Possible Republican presidential candidate and New Jersey Governor Chris Christie greets supporters after speaking at the University of New Hampshire at Manchester, in Manchester, N.H., May 12, 2015.
Photo by Dominick Reuter/Reuters

Christie-brand leadership: The buck stops over there

About a week ago, New Jersey Gov. Chris Christie (R) sat down with CNN’s Jake Tapper, who asked about the governor’s “Bridgegate” scandal. The Republican presidential hopeful made it seem as if the entire fiasco had nothing to do with him.
 
“I’m the governor; it happens on my watch,” Christie said. “But you can’t be responsible for the bad acts of some people who wind up in your employ.”
 
A day later, the Garden State governor told the editors of the New Hampshire Union Leader, “I’ve learned to be less trusting and ask more questions, first off. The fact is my general nature is to be a trusting person.”
 
All of which led to yesterday’s Christie interview with Fox News’ Megyn Kelly, who asked about the scandal that’s helped drag down the governor. From the transcript, by way of Nexis:
KELLY: So far there’s nothing tying you to giving the order in the bridge gate scandal.
 
CHRISTIE: Nor will there be.
 
KELLY: But the case is not yet closed and so some say, what if you get indicted? Are you a risky bet?
 
CHRISTIE: No, the U.S. Attorney said in his press conference a weeks ago, that there will be no further charges in the bridge matter. He said that affirmatively three or four times. This has been 15 months of investigation and there’s been no connection to me because there is no connection to me. I had nothing to do with it, knew nothing about it and nor will there be evidence come to the contrary because it just didn’t happen.
The more the governor says the scandal has “nothing to do with” him, the harder it is to take his defense seriously.
 
Indeed, looking back at Christie’s comments to Jake Tapper, note that he refers to his former aides – now under criminal indictment – as people who “wound up” working for him, as if the governor showed up at his office one day and discovered some random people who just happened to somehow end up in his administration.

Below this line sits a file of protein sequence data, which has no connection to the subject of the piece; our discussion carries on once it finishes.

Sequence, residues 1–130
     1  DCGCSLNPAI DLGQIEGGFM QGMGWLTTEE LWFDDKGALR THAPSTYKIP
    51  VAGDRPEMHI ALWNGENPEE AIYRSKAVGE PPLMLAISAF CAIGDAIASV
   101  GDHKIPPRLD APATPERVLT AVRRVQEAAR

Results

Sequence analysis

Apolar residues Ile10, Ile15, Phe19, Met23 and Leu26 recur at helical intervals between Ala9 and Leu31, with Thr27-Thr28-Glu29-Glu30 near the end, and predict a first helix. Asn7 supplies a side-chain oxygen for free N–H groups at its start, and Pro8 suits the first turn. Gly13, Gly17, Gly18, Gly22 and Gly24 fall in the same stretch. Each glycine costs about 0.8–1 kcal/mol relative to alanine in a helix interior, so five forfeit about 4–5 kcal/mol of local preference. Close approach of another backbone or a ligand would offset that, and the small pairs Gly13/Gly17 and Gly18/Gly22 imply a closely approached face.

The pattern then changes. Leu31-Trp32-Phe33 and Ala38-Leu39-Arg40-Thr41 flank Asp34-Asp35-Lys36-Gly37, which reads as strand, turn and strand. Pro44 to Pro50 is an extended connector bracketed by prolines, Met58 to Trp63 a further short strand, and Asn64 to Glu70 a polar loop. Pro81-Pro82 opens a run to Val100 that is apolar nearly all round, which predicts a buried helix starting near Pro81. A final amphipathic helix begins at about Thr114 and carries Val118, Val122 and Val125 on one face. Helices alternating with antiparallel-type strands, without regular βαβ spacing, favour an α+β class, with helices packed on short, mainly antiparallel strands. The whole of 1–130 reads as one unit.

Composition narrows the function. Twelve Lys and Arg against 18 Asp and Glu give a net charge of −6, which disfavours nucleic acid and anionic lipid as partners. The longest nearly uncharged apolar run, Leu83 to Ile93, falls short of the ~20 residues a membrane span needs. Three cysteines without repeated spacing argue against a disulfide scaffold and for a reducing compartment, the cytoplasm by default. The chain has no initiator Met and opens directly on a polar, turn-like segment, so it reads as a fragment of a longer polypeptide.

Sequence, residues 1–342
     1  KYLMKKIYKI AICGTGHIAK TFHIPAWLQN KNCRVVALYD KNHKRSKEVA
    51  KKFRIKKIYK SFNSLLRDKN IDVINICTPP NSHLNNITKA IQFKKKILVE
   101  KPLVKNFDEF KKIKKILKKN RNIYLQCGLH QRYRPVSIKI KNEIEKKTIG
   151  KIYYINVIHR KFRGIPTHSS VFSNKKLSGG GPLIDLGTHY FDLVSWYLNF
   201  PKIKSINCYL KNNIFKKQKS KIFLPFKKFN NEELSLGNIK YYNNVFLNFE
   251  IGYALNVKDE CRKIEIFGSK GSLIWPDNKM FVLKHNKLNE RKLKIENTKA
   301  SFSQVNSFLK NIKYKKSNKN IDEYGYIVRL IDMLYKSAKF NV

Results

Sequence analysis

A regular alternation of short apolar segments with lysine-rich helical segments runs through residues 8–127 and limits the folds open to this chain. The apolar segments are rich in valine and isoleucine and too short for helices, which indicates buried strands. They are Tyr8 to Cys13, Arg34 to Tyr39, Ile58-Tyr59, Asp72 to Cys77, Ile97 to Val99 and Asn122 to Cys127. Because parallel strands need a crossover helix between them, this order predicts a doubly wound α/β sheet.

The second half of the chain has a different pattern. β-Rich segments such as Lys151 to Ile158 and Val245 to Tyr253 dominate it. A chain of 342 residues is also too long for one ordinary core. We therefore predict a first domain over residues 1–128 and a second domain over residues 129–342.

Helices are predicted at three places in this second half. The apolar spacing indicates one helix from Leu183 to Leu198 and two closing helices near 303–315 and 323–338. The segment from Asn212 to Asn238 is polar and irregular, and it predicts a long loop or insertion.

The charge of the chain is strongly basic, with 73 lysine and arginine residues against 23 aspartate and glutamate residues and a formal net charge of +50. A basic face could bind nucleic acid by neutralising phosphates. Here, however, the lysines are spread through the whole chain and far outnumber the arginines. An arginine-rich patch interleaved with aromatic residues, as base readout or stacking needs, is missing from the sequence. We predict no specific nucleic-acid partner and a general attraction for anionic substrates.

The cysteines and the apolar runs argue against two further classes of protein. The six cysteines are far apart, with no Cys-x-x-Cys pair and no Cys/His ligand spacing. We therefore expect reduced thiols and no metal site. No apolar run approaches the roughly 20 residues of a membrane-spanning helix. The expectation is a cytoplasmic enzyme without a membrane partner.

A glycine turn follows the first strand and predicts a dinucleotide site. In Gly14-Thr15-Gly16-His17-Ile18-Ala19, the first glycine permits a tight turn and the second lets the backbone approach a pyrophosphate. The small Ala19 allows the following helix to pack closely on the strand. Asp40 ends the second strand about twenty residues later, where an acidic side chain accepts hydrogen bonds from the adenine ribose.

The truth is far more straightforward. Some of Christie’s top aides conspired to punish some of Christie’s constituents because a local mayor failed to endorse Christie’s re-election. These Christie administration officials abused their powers – allegedly to a criminal degree – in Christie’s name.
 
“There is no connection to me”? C’mon. Even if one is inclined to accept the governor’s explanation at face value – Christie was simply too ignorant of what was happening around him to be held responsible – clearly the scandal has at least some connection to him, given that this was his team acting in his name.
 
What’s more, there’s also the possibility of a more direct link. David Wildstein’s lawyer said two weeks ago that the governor “knew of the lane closures as they occurred” and that “evidence exists” that proves it.
 
In last night’s interview, Megyn Kelly also reminded Christie that two-thirds of his own constituents do not believe he’d be a good president. The governor replied, in reference to New Jersey residents, “They want me to stay. A lot of those people that 65 percent want me to stay. I’ve heard that from lots of people at town hall meetings, ‘Don’t leave,’ and ‘Don’t run for president because we want you to stay.’”
 
Christie also probably believes they were saying “Boo-urns.”
 
To be sure, the brazen arrogance borders on amusing, but the notion that New Jersey voters are so in love with Christie that they can’t bear the thought of him moving to the White House is plainly silly. As of two weeks ago, the governor’s approval rating in his home state was down to just 35%.
 

Bridgegate, Chris Christie, New Jersey and Scandals

Christie-brand leadership: The buck stops over there